Renato, i think Robert Cheruiyot was over hyped.If you look carefully at two of his wins at boston,he won mainly by being the only athlete that persevered the most on tough weather conditions on the day.The other runners took the weather conditions for granted( recklessly) and succumbed to them and therefore cheruiyot was not challenged by his fellow competitors instead everyone was focussed on getting it right aganist tough weather conditions.Last year he had a weak field to compete aganist,this year however Cheruiyot had to proove that he could race aganist the best and he was found wanting.As for Evans Cheruiyot,the signs were there.Ever since he won chicago he has lost in every race he has run( half marathons,10M,10K etc),just look at the results of his races between chicago and boston and you will realise that all the hype he was getting was baseless.
Renato i agree with you 100% on the mental attitude of kenyan athletes.A friend of mine said that the hardest form of training to give a kenyan runner is to train him/her to adopt the right mental attitude.
Wanjiru is not in the same shape as he was Last year.Wanjiru made a mistake by taking a break from his japanese routine that had been so successful for him.He also had too many distractions after the olympic gold and lost focus for about 3 months.I also think that he is training with a group of athletes who are of significantly lower ability than himself and therefore do not add value to his training regime instead they are 'syphoning' him.
If wanjiru is not careful he could end up like Felix Limo
what is his japanese routine? Lots of easy miles?
Renato ,how do you keep the elite runners from getting bored or doing unnecessary workouts when they arrive at the venue of the race five or six days in advance? For instance Sammy wanjiru arrived in London on Monday.It is very unlikely that he knows many people there to socialise with and so how/what does he do to stay focused bearing in mind that he cannot walk about due to security reasons and the fact that he needs to conserve energy.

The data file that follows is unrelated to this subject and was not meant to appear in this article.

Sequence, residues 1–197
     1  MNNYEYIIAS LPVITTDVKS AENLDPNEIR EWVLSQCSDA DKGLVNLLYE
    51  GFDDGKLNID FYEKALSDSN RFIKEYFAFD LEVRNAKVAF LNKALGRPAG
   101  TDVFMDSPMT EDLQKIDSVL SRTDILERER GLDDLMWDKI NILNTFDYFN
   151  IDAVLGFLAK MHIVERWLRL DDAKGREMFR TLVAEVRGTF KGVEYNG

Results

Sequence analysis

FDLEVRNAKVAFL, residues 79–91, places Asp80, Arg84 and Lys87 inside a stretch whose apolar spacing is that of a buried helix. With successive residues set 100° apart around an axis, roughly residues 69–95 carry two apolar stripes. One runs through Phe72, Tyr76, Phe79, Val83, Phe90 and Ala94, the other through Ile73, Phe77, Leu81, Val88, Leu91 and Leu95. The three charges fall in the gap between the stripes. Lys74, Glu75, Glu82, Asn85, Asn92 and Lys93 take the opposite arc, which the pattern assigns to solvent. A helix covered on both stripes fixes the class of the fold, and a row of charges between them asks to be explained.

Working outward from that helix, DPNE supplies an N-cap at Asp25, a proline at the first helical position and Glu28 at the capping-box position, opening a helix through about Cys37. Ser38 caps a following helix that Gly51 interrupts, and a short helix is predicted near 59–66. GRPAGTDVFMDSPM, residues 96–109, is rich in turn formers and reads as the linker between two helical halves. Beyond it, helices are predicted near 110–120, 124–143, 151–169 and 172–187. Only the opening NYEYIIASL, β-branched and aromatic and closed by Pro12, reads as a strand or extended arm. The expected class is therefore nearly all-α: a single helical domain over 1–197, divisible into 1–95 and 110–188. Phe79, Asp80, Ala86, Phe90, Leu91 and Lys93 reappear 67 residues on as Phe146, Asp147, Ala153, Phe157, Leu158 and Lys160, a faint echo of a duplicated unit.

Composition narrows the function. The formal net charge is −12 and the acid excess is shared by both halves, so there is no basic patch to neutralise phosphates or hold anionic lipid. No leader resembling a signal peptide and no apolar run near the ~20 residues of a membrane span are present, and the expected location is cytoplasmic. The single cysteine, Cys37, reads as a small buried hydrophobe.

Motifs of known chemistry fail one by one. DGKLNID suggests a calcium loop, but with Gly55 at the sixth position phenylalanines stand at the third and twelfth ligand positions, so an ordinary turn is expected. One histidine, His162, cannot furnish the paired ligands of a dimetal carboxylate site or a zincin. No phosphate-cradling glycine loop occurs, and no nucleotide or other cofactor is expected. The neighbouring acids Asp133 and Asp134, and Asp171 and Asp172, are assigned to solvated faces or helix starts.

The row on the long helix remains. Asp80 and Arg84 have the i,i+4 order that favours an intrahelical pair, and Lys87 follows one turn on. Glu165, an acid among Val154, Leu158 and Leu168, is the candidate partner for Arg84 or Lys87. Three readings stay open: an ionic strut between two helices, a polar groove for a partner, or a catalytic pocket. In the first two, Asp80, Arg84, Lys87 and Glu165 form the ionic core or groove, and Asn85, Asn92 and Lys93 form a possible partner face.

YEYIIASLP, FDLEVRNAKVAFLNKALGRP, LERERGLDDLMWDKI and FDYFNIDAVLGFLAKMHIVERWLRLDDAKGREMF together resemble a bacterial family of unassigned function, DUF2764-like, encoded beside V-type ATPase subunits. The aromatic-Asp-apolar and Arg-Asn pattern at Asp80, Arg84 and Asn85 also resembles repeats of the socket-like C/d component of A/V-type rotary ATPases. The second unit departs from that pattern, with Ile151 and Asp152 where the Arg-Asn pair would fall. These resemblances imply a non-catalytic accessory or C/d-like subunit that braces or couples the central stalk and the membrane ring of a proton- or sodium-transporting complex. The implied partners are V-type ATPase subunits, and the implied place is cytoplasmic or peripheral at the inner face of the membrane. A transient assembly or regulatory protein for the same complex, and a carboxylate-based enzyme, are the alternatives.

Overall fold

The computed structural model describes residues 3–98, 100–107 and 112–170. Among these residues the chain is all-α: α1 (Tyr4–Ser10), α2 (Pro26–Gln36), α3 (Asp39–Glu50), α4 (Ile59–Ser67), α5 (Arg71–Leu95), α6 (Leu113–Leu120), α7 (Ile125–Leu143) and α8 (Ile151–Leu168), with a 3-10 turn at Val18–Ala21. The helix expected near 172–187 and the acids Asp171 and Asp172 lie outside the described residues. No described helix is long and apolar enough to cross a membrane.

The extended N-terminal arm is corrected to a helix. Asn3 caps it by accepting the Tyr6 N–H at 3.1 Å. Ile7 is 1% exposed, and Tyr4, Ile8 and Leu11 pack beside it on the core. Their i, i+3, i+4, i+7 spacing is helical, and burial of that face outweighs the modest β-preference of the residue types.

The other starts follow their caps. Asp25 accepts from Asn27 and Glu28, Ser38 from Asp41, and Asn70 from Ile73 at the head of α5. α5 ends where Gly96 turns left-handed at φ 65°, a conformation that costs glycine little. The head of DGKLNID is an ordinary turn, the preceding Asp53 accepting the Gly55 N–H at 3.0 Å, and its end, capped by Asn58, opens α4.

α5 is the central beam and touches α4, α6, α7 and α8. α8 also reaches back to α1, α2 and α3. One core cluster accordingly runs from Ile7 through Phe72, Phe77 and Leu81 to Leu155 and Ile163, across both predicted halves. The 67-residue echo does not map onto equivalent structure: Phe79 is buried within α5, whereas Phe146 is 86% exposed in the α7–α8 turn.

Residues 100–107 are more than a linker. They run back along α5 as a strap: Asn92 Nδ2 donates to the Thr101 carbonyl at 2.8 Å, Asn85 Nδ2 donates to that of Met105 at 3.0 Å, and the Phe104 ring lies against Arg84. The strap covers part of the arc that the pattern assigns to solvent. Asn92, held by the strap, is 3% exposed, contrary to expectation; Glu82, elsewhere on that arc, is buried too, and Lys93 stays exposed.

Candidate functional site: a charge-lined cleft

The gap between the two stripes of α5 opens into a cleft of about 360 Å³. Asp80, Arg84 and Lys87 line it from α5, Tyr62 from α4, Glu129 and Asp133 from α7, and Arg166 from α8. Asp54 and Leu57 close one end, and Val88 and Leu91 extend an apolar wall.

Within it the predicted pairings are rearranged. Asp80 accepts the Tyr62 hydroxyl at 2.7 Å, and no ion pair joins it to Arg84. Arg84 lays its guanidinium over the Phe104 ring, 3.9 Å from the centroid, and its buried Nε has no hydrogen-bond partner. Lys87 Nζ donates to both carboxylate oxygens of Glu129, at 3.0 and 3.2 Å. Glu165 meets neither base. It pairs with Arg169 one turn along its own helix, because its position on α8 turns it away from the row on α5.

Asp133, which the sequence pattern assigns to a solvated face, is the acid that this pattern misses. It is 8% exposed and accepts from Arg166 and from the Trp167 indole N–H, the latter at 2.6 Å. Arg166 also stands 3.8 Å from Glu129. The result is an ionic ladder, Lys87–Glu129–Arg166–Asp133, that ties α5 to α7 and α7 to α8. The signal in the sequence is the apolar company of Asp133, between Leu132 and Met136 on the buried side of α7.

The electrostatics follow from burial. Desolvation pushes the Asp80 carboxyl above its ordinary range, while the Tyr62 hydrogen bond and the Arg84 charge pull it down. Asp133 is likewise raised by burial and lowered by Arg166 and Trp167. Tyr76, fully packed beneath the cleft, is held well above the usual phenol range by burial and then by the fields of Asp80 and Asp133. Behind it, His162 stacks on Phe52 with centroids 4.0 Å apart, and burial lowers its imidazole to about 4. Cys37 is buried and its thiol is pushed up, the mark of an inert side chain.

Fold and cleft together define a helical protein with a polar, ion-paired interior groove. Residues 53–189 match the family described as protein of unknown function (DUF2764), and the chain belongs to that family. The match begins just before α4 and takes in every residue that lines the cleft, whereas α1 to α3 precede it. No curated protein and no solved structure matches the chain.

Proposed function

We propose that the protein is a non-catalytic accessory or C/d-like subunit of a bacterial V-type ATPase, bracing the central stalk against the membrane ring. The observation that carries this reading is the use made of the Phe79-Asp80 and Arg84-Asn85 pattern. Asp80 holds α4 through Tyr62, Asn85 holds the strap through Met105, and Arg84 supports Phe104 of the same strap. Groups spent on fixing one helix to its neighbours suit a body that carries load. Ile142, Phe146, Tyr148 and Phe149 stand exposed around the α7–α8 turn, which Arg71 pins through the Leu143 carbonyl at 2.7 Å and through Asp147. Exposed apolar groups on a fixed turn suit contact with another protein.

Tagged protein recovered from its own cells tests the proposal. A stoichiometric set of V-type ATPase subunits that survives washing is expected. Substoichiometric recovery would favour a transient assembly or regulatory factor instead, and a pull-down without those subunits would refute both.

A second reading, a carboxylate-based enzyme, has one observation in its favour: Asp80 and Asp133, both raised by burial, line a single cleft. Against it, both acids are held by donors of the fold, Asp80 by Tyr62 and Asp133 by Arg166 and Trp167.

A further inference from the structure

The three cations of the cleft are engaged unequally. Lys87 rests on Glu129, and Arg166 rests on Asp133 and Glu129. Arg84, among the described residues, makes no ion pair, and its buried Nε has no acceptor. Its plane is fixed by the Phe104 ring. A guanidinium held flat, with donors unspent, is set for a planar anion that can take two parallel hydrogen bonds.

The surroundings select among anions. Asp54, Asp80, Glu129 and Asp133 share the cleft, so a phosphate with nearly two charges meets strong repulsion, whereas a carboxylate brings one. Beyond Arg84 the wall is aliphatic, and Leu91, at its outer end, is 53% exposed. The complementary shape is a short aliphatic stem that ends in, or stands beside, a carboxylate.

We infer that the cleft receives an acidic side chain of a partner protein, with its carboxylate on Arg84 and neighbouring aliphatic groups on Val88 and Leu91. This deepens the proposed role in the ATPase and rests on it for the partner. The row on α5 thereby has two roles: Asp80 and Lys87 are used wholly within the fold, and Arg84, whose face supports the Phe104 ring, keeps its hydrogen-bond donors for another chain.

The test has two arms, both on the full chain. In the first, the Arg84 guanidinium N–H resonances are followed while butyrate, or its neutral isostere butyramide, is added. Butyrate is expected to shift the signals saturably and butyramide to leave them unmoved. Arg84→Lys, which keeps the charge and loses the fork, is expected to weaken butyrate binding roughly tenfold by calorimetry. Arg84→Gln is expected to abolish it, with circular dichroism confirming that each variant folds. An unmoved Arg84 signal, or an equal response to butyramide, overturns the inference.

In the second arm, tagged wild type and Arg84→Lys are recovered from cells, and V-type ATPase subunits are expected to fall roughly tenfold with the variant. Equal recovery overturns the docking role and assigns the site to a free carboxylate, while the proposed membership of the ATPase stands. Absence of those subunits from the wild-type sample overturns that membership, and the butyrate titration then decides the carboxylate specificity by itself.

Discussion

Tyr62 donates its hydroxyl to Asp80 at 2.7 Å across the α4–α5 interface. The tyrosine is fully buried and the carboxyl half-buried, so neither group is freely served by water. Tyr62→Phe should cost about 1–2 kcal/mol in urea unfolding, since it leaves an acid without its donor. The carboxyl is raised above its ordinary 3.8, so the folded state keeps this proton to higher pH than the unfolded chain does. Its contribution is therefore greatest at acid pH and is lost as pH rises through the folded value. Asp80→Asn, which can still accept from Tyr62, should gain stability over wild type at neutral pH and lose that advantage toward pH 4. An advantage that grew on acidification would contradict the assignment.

what security reasons would stop Wanjuri from wandering around London? I expect that if he walked around central London for the whole day in casual clothes only 1 or 2 people woulod even recognise him!
Not walking around for energy/tiredness reasons I can understand, but not walking for security reasons I do not??
what is his japanese routine? Lots of easy miles?
I vaguely remember that SW doesn´t train the typical Japanese way (tons of very slow miles).
very interesting stuff, thanks for posting and following the discussion. Just about non pro runners,
I ended up reading Lydia Cheromei last 10 weeks training
for Amsterdam (that she ran in 2h25) and I'm now reading this thread. Does that training benefit of the new approach you are explaining here? as I think it does! I'm thinking to scale down to me that training to train a september marathon (most probably Berlin) in order to approach or break the 2h30!
Would that still be beneficial for an amateur as I am?
Obviously with all the care in adapting the total amount of km and the size of special blocks.
Would be advisable to have any easy to use kit for lactate threshold test? do you know about anything that can be used by the runner himself?